To those of us who hail from the West, water lilies are much more familiar presences, in part because some varieties thrive in cool conditions that would spell death to the exotic lotus. There must be few goldfish ponds in Europe or America without a complement of lilies. Moreover, they have been immortalised for art lovers in the paintings of French Impressionist Claude Monet who created more than 200 paintings based on the water lilies in his garden at Giverny.
While nympheas is less revered in Thailand than the lotus, it is still regarded as a key element in any aquatic landscape. Indeed, there is a Thai book devoted entirely to water lilies ‒ all 150 hybrids. You can grow them here in shallow pots ‒ but although they are sold in this way at most garden centres, they look better in fish ponds in company with other aquatics, where their floating pads have plenty of room for manoeuvre, and where their exotic blooms illuminate the watery setting. Remember that they require more lateral space than the lotus. Remove spent leaves and flowers and feed regularly.
Where the water lily wins over the lotus is in its spectacular range of colours (I have grown magenta and violet varieties, but there are also white, red and yellow varieties); on the other hand, the lotus scores because it is fragrant and because it is much longed lived. Moreover, since its flowers and leaves hover above the water on long stems, it needs a much smaller surface area. Both need plenty of sun; the water lily in particular will not thrive and bloom unless it is in a sunny position. Both can be propagated by seed or, more reliably, by root division.
If the lotus and water lily are pre-eminent in the world of Thai water-gardens, there are others which can perform useful cameo roles. One such player is the Egyptian papyrus (Cyperus papyrus). Every schoolboy knows one fact about this plant: it was used to make the first paper. The second ‘fact’ is not common knowledge ‒ namely that the “bulrushes” in which the infant Moses was hidden, were almost certainly papyrus reeds. Tall with long, elegant stems surmounted by a ring of fine leaves (modified stems) which radiate out from a central hub, this sedge will grow a couple of metres tall, a stately presence above the surface of your pool or pot.
Smaller but equally valuable as a water margin plant and much easier to find in garden centres, is its relative, Cyperus alternifolius. Sometimes known as the umbrella plant, it hails from Madagascar and has somewhat broader, grass-like leaves gracing the top of each stem.
Both are what Americans like to call “accent plants”, and provide a contrast to surface-hugging plants such as water-lilies, or floaters such as water lettuce or water hyacinths. I have a cyperus growing at the edge of my fish pond and a couple in large pots keeping company with guppies and Mexican swordtails which hide in its ample roots. And it will grow more-or-less anywhere.
Another familiar sight on Thai forecourts is the water canna or Thalia geniculata, an upright foliage plant, often with attractive red stems, and large bright green, lanceolate leaves which appear lower down the growth. The clusters of tiny flowers are purple with white spots and dangle from the ends of these long stalks. For aesthetic reasons, they should be removed. Thalia can take the full sun of a patio, but will also survive in permanently moist soil or at the edge of your fish pond where it will add height to existing foliage. Leaves tend to go yellow at the edges, particularly if short of water. Thalia will germinate from seed or can be divided at the roots. An “accent plant” with a difference.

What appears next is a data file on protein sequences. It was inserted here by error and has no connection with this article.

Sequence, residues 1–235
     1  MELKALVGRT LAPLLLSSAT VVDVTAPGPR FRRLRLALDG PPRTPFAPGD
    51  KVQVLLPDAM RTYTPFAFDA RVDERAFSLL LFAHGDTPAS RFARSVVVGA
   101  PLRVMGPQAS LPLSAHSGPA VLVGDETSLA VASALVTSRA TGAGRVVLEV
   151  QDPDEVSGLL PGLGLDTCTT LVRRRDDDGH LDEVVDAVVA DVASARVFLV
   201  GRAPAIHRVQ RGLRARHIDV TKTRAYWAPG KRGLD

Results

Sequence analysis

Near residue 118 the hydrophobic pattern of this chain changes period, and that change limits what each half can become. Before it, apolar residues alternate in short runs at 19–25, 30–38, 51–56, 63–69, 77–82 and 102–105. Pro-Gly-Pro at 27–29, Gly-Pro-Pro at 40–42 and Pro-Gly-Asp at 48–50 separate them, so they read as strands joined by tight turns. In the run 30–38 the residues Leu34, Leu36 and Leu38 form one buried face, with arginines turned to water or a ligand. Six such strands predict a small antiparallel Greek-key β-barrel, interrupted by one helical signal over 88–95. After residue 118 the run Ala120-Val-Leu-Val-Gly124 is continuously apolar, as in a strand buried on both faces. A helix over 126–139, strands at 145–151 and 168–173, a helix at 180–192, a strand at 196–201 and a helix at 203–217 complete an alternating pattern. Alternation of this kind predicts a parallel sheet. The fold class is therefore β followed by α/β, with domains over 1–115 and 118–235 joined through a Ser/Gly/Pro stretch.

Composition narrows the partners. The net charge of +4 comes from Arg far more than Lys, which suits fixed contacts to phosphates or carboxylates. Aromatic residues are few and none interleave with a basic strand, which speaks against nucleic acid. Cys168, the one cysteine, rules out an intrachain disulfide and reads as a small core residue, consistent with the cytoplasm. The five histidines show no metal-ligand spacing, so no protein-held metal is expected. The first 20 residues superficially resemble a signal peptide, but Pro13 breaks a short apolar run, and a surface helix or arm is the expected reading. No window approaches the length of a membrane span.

The water lettuce (Pistia stratiotes) and water hyacinth (Eichornia crassipes), both “floaters”, have been mentioned in previous articles. Consider carefully before growing either of these because they can become invasive. Indeed in some parts of the developed world, they are considered an environmental hazard. Better that they are cultivated in a confined space where they can be controlled.
The water hyacinth is so named because it produces lilac-hued spikes of hyacinth-like blooms above bulbous, air-filled stems. The flowers look attractive in a confined space. The free-hanging submerged roots are purplish-black, the stiff oval leaves a deep green.
One of the fastest growing of plants, it reproduces by means of stolons or runners which form new plants. Because of its extremely rapid growth, it can colonise and dominate a stretch of water in days, carpeting the entire surface and killing off other aquatics. The water hyacinth also has some commercial value in Asia: its fibrous roots are used to make up-market, woven furniture.This needs to be exploited.
Dr Patrick Campbell can be contacted at his home Camelot, located at 59/84 Soi Saiyuan 13; Rawai; Phuket 83130. Tel:66 076613227 (landline), 065-5012326 or 085-7827551 (mobile). His book The Tropic Gardener, an indispensable guide to plants and their cultivation in Thailand, is available from Seng Ho bookshop in Phuket Town or Delish in Rawai, or arrange a copy to be delivered by emailing him at firstname.lastname@example.org